This Week In Retail Marketing Innovation - September 2, 2019

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Perch CEO explains to alma mater Princeton how brick-and-mortar innovation is on the rise

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Perch CEO Trevor Sumner sat down for an interview with the Princeton Entrepreneurship Council to show them how retail isn’t dead, and the technological strides Perch has made to bring customers back in stores.

When asked about Perch’s impact on the retail industry, Sumner responds, “I think we're starting to change the conversation, we're starting to change the ideas. But we've only scratched the surface of a giant motion, because retail’s $4 trillion market is actually changing the way people shop, the expectations that they have, what retailers and brands work together to collaborate to create these experiences. It's just the beginning.”


Read the full interview here: https://entrepreneurs.princeton.edu/news/retail-isnt-dead-interview-perch-interactives-trevor-sumner-98


Digital brands are getting creative with alternatives to opening brick-and-mortar locations

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Online retail competition becomes more fierce every day. Because the market is saturated, some digital natives have no choice but to take the leap to brick-and-mortar.

Companies that make the shift from exclusively digital to physical retail use their space has a “physical webpage for their business” that gives the brand an opportunity to reach new sets of customers in various markets, according to RetailDive

For furniture retailers specifically, online purchases are infrequent, and competitors are at every turn. That’s why the expansion to physical spaces seems like the next logical step, with proven success by Warby Parker, which now has more than 100 locations across North America. Wayfair also opened their first brick-and-mortar location following a successful pop-up series over the summer.

However, permanent locations and pop-ups can be extremely costly, and aren’t always feasible for online brands. But what are the alternatives?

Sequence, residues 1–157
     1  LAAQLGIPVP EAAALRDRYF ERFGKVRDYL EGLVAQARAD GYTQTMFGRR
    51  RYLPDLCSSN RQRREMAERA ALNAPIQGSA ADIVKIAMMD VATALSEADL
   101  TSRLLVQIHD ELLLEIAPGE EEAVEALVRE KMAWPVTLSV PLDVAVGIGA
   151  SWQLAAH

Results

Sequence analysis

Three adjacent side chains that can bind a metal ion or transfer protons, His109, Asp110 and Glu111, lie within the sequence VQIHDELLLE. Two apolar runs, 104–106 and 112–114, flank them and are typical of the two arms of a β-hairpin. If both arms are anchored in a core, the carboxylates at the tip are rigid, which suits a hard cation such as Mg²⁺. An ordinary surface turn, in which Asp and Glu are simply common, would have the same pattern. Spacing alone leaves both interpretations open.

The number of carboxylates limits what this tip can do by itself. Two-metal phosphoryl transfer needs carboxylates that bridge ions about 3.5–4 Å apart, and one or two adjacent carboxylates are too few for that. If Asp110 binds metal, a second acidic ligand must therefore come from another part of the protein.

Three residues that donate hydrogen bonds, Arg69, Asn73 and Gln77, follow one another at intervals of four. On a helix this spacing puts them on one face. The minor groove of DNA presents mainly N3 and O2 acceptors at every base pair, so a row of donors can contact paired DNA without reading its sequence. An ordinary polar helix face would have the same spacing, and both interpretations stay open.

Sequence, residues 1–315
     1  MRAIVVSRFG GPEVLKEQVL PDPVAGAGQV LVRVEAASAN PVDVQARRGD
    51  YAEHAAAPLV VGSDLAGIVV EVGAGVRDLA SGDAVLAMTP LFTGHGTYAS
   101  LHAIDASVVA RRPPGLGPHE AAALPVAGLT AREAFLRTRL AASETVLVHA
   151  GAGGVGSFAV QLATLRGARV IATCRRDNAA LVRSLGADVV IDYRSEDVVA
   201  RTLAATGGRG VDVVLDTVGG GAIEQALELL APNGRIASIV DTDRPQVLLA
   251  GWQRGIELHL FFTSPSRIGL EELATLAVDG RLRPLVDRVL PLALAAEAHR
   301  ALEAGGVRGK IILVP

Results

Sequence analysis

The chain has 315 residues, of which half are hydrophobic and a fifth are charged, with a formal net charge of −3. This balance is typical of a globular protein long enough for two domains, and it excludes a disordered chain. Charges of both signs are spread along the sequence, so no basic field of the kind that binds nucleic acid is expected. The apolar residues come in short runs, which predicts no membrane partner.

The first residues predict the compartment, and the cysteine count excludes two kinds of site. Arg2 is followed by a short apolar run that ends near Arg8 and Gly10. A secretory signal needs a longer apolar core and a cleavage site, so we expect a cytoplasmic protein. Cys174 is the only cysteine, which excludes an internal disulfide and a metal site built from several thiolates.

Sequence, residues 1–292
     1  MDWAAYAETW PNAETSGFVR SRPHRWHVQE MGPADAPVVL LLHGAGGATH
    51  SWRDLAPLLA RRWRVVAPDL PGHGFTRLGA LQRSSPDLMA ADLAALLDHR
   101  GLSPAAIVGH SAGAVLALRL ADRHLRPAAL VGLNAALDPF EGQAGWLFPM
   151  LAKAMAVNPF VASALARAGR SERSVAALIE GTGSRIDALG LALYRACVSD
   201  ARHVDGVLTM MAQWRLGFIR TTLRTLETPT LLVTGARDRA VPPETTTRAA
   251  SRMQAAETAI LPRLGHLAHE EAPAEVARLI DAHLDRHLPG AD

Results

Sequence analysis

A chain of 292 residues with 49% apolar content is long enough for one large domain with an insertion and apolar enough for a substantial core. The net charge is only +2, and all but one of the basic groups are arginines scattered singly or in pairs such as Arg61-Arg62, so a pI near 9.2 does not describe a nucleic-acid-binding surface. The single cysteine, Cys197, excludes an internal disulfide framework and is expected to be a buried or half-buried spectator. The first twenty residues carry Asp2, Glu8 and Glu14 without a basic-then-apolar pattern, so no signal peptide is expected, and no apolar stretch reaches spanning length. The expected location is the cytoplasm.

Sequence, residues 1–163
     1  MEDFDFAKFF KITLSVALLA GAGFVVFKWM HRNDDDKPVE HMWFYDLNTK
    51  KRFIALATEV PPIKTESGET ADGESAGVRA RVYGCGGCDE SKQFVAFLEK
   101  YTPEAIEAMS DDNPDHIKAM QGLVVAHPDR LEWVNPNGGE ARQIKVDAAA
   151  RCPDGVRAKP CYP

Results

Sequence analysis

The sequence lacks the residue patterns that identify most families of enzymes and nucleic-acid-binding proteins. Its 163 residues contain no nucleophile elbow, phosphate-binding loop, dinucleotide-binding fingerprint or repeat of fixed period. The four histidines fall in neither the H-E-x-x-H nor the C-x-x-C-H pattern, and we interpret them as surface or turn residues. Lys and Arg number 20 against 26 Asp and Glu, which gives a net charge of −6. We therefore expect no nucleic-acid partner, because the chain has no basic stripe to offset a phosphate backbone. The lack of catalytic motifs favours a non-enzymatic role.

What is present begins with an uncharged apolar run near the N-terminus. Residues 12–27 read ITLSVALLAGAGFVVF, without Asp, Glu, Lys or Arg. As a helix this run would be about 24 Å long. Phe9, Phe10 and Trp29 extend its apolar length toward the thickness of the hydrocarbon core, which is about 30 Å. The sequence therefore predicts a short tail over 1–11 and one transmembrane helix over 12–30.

Stephen Kuhl, co-founder and CEO of furniture company Burrow, decided to put money towards more creative alternatives. Burrow collaborated with Lululemon, Bailey 44 and The Groomsman Suit to place their sofas within their retail locations, giving customers a sample of the brand in a discreet way.

Other digital retailers have gone for more cost-efficient and innovative alternatives to physical stores. Rent the Runway partnered with Norstrom to offer easy drop-off of rented items at four Los Angeles Nordstrom locations. Fernish, a subscription-based furniture brand, formed a partnership with real estate developer Alliance Residential to create showrooms.

Outer, an outdoor furniture retailer, took showcasing a step further by inviting existing customers to serve as “hosts” and show the product to potential customers directly from their homes. The hosts are paid a flat rate for showing off their outdoor landscapes.

The furniture industry is unique because, while you can find what you want online, customers want to test out the products in person, and see how they would integrate into their everyday lives, according to Outer co-founder and Chief Design Officer Terry Lin.

While these tactics are innovative and budget-friendly, it's important to note that the brand messaging is not completely in the retailer’s control. Outer’s hosts, for example, don’t have a brand employee present when showing off the furniture. They try to reduce risk through extensive screening, and other companies like Burrow try to mitigate risk by making partners go through extensive onboarding. Even so, the brand is exposed to potential damage.


Target and Disney partner up to open 25 new toy shops by October 2019

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Disney is set to open 25 stores within Target locations by October, according to a company press release. The partnership is a reflection of both brands trying to make a larger impression in the toy category and develop strong partnerships

Disney current operates more than 200 Disney-branded stores in North America and makes about $1.6 billion off its retail segment. An additional forty 750-square-foot Disney shops are expected to pop up in Target stores by October 2020.

The two brands aligned naturally with a mutual focus on families, according to the release. "We believe the combination of Disney's unmatched entertainment and storytelling with our omni-channel retail platform will create inspiring and unique experiences for our guests," Target CEO Brian Cornell said in a statement

The in-store experience was thought out carefully, and will feature music, interactive displays, photo ops, and a seating area where families can watch Disney movie clips, according to RetailDive.

In addition to the physical shops, Target will have a digital Disney store featured on its app called “Disney store at Target” on iOS and Android. The app will boast 450 products, with more than 100 of those that were previously only available at Disney retail stores. Target is also projected to open a store at a Walt Disney World Resort shopping center in 2021. 

The partnership comes just in time for the holiday season. While Target expanded its toy offering last year just before the 2018 holiday season, the retailer has gained a competitive advantage by partnering with Disney this year.


Sounding Smart by The Retail Water Cooler

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